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God in our image

It seems that western society is becoming less religious, but not necessarily less spiritual. The 2016 Australian census reported that 30.1% of Australians espouse “no religion,” an increase since 2011 and part of a consistent trend. Christianity in some form was acknowledged by 51.3%, but it is evident that we do not see half the Australian population in church on a typical Sunday. The other major world religions combined registered a total of 7.8%, leaving 10.8% uncommitted. Yet surveys of other beliefs and practices show that New Age spirituality and yoga, meditation and mindfulness are popular and growing. Obviously there are true atheists, but there seem to also be many on the fringe, professing some sort of spirituality, or belief in the supernatural or simply that this life is not all there is.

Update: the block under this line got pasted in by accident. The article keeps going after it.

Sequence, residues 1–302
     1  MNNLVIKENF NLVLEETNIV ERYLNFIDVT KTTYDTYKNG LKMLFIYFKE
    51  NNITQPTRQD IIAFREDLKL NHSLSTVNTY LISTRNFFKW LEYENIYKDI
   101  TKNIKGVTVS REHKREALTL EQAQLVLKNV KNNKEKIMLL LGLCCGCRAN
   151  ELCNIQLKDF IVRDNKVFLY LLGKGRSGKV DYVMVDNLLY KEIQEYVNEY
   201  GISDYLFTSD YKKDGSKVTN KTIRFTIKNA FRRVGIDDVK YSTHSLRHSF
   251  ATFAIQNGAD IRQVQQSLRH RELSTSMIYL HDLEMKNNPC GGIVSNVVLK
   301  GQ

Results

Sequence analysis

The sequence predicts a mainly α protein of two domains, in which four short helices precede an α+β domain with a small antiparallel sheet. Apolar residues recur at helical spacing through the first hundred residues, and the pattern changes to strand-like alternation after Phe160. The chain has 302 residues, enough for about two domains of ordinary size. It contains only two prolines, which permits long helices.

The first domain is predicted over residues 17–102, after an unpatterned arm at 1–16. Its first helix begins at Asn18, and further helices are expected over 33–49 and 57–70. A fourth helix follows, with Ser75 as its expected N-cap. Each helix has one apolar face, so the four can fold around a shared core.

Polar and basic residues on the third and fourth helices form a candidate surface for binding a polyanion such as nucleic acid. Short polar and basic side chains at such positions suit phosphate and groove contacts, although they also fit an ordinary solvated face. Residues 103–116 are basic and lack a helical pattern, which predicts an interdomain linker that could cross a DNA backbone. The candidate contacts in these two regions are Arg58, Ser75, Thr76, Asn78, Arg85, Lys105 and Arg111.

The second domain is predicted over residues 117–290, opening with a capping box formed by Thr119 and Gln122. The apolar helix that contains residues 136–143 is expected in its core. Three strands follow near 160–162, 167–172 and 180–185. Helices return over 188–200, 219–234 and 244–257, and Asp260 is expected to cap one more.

Spirituality and religion certainly overlap, but they are not the same. Religion implies some form of structure and community to one’s beliefs, adherence to a common framework of belief and praxis. How do people choose what beliefs and practices will inform and order their lives? Why choose one above another? I suggest there could be several reasons.

  • Someone may make a serious, objective study of the evidence for God and the supernatural, impartially explore a number of belief systems and either choose the one that makes the most sense, or reject theism and the supernatural altogether. I suspect that it is common to claim such an endeavour in support of one’s position, but I wonder how many have actually done this?